The metaphor has been called the “Berry Bucket Theory,” but I prefer the “Tipping Scales Theory.” Imagine a scale like the scales of justice (pictured above). On one side of the scale are tokens that represent members who were at the church before the present pastor arrived (PPMs, pre-pastor members). On the other side of the scale are tokens that represent members who came to the church after the current pastor arrived (APMs, after-pastor members).
When the pastor first comes to the church, the scale is completely tilted toward one side because everyone in the church is a PPM. Over time, however, the PPM side can only become lighter. You can’t add to the members who came before the pastor arrived. But the APM side usually grows.
When the APM side of the scale starts getting close in weight to the PPM side, problems can develop. The church is changing to the point where the newer members will soon be in the majority. The scales are tipping, and that reality engenders fear in some members.
With that metaphor in mind, let’s look at some possible troubles for church leaders. I call them warnings for leaders of growing churches.
- Growth brings change that can engender fear and discomfort. A pastor was getting a lot of resistance from the former chairperson of the search committee that called him. The church was growing and change was inevitably taking place. When he kindly reminded the search committee chairperson that she said she wanted to see the church grow, she responded, “Well, I didn’t know these new people would cause so many problems.” The “problems” she noted were actually just simple changes.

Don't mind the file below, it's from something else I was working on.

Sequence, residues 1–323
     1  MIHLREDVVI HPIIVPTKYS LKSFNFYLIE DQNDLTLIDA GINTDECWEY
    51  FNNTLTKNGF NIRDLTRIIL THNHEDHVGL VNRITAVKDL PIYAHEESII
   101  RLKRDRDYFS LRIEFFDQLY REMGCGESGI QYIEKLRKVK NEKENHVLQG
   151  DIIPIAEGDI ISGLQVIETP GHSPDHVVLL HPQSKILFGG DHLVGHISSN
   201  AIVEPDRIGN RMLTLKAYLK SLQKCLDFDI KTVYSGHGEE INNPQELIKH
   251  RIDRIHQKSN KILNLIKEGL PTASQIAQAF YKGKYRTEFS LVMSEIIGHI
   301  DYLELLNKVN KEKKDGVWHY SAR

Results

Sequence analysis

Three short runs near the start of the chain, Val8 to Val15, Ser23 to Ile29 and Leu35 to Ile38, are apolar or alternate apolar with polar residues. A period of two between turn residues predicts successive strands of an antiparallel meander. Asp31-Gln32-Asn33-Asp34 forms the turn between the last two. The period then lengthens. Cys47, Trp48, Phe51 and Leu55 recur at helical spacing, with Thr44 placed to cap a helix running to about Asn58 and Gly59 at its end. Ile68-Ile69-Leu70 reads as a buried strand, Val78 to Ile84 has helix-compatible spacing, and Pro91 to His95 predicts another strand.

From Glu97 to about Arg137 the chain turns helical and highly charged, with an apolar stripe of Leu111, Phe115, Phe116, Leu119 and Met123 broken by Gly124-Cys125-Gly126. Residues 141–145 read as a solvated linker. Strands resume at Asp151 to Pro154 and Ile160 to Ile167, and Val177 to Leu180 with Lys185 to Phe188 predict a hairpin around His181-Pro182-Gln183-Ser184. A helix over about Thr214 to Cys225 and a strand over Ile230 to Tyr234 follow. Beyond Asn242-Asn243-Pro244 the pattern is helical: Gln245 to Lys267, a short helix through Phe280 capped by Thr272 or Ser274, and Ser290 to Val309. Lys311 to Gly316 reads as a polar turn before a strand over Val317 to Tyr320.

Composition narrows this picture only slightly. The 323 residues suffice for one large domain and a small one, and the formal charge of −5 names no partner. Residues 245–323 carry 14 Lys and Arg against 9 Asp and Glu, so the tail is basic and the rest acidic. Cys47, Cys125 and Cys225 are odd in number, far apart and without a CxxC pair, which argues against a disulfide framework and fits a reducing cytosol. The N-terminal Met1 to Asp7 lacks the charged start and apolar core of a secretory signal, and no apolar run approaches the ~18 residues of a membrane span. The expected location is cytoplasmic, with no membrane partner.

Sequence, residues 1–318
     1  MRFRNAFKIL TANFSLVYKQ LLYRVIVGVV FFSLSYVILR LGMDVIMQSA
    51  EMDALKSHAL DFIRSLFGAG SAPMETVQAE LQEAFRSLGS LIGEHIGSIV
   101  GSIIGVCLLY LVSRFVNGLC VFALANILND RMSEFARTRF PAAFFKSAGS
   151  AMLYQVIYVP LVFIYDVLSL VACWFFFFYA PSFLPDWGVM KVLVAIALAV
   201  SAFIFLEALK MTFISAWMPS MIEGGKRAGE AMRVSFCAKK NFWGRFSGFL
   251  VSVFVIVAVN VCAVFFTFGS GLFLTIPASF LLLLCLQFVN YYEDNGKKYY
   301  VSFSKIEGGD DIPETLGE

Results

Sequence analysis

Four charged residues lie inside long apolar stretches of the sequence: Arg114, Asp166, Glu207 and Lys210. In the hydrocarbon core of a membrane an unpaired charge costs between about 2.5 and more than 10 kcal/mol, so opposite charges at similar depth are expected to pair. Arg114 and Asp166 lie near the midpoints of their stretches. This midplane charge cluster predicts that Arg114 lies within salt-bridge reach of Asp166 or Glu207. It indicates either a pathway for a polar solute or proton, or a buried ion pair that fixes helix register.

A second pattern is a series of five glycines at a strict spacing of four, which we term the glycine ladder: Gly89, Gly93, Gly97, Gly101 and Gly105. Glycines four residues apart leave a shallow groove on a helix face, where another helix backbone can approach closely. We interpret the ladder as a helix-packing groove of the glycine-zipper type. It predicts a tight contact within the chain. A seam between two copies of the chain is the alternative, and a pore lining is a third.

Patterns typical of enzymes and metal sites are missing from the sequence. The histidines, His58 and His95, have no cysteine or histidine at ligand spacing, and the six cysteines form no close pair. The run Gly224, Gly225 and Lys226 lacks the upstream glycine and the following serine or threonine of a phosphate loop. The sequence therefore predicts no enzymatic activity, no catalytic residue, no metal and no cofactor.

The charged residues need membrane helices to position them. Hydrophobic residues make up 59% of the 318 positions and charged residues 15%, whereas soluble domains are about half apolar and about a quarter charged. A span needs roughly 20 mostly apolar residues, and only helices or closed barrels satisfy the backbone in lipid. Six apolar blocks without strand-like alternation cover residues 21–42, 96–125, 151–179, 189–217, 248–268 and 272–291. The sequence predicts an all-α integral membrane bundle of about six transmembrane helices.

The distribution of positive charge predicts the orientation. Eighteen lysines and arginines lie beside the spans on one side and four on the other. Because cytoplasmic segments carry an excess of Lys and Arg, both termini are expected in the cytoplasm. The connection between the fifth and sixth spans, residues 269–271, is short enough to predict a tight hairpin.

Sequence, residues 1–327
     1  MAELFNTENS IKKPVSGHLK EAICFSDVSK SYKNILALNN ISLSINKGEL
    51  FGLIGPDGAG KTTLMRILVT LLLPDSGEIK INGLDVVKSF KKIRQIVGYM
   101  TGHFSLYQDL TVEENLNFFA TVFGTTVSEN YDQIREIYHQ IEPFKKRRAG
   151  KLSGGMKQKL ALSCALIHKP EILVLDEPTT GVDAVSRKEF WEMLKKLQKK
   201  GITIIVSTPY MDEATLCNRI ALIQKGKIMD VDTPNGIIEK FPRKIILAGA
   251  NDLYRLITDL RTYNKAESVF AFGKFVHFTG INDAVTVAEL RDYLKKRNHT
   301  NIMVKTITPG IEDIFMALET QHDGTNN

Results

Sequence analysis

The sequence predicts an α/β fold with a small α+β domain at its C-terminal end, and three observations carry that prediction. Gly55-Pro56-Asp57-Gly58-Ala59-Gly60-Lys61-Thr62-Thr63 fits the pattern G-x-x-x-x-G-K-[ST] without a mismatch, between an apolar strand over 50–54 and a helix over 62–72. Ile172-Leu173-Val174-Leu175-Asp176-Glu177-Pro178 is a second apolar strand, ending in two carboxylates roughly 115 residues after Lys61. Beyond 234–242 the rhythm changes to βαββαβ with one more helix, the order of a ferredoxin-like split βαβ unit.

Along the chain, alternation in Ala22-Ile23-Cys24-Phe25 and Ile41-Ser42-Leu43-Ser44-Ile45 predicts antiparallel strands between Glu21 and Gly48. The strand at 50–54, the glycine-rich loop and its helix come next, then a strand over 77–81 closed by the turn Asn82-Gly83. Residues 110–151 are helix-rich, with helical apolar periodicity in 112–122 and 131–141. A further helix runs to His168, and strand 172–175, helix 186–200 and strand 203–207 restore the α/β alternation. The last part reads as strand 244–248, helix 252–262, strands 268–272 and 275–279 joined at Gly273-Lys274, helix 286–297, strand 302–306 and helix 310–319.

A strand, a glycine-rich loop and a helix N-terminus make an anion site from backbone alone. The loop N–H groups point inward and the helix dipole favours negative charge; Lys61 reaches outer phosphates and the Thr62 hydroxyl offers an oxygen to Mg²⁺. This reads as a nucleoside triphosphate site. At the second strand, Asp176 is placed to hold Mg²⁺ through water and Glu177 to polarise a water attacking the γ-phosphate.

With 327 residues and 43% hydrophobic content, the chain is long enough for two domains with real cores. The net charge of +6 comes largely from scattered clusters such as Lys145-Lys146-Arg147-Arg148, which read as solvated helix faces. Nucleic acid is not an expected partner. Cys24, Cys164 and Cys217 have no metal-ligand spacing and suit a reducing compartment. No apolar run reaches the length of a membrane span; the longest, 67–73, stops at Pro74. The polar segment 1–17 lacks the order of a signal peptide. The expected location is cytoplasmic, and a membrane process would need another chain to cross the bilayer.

- Power groups are threatened. Church members in informal power groups can sense the reality of the tipping scales. It threatens their power base, and they often don’t respond well.
- Staff resistance can take place. As a church grows and changes, it often requires church staff to change and learn new skills. Some church staff may resist any attempt to change their roles or improve their skills. An executive pastor led a coup against the pastor as the church grew. He later commented, after the church declined precipitously, that he was more comfortable with a smaller church.
- The per capita giving may decrease. It is not unusual for new members not to give as generously as the existing members. Some may be new Christians who have not yet learned principles of biblical stewardship. Some may be from younger families with lower incomes than the existing members. Members can become agitated because “these new members aren’t paying their way.”
- Space can become limited. A growing church in the Midwest no longer had space for Sunday morning Bible study groups. A church staff member approached a senior adult class about moving to a smaller room. They had nine attendees in a room that could accommodate 50 people. The church staff member was quickly asked to leave the room with a reminder from the class that “we pay the bills in this church.”
- People outside the church may become jealous. Members and leaders of other churches may speak disparagingly about a growing church in the community. They may even question the motives, doctrine, and ethics of the leaders of the growing church.
If we are obedient to the Great Commission, we will see more men and women become followers of Christ, and our churches are likely to increase in numbers. But in the midst of such blessings, your church may get opposition from both the inside and the outside. Such is the nature of the tipping scales. May these six warnings be used to provide greater awareness, to seek more intensive prayer, and to persevere in obedience when it may seem easier to coast.
Let me hear from you.